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This article was published on October 11, 2016

Cyanogen is done building its Android-based OS

Cyanogen is done building its Android-based OS Image by: Cyanogen
Abhimanyu Ghoshal
Story by

Abhimanyu Ghoshal

Managing Editor

Abhimanyu is TNW's Managing Editor, and is all about personal devices, Asia's tech ecosystem, as well as the intersection of technology and Abhimanyu is TNW's Managing Editor, and is all about personal devices, Asia's tech ecosystem, as well as the intersection of technology and culture. Hit him up on Twitter, or write in: [email protected].

Cyanogen has some bad news for fans of its Android-based OS: The company will no longer build its full-stack Android fork, which is available on phones from Alcatel, Wileyfox, BQ, Yu, ZUK and OnePlus.

Instead, it will now focus on a new Modular OS program, which will allow smartphone makers “greater freedom and opportunity to introduce intelligent, customizable Android smartphones using different parts of the Cyanogen OS via dynamic modules and MODs, with the ROM of their choice, whether stock Android or their own variant.”

The company describes MODs as intelligent features that build on the core Android experience, such as Truecaller caller ID, Skype integration in the dialer app, trending Tweets on your lock screen, Microsoft’s Cortana assistant and its Hyperlapse camera for feature for smooth and stabilized time-lapse videos.


The decision follows the realignment of co-founder Kirt McMaster’s role from CEO to Executive Chairman; COO Lior Tal will take McMaster’s place.

Tal noted in a blog post that the move to ditch its full-stack OS business was prompted by the extreme fragmentation of the Android ecosystem, which has caused manufacturers to focus only on efficiency, ‘while compromising investment in software and services.’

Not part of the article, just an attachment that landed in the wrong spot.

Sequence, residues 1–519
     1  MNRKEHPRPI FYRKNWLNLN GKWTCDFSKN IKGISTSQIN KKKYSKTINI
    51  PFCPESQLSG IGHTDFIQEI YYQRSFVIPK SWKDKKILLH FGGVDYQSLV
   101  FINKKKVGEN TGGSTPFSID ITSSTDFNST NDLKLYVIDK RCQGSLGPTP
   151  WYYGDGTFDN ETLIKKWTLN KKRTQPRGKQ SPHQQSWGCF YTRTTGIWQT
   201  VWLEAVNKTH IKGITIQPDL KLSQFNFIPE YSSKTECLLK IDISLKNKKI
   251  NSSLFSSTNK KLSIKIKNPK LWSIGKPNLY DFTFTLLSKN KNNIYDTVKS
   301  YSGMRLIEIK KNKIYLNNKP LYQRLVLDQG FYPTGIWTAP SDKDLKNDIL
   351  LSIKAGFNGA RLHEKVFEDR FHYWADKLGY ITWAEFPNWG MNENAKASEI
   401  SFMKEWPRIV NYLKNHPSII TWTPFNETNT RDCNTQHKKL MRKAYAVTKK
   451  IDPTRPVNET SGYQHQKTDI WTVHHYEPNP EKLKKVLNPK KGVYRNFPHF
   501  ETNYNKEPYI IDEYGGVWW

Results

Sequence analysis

The company is hopeful that device makers who don’t want to pay full price for Cyanogen OS will at least want some of the tools and features it offers, including its ‘expanding Artificial Intelligence cloud services, which learn usage patterns throughout the operating system and introduce smarter and more effective ways to resolve intent and interact with smartphones in a personalized and highly contextual way.’

It remains to be seen how this will play out, and what it means for brands that have touted Cyanogen OS as a key feature in their products.

Update: A Cyanogen spokesperson clarified concerns about the Android fork, saying that Cyanogen isn’t discontinuing its OS, but you’ll probably see it on much fewer devices:

In addition to its investments in AI and technological breakthrough which allows it to offer different configuration of OS modules, Cyanogen remains an OS company and will continue investing in its full stack. It will however be more selective about which devices it brings up with the full Cyanogen OS, and focus the majority of the distribution effort on a more modular approach which also supports Cyanogen OS components on other Android implementations.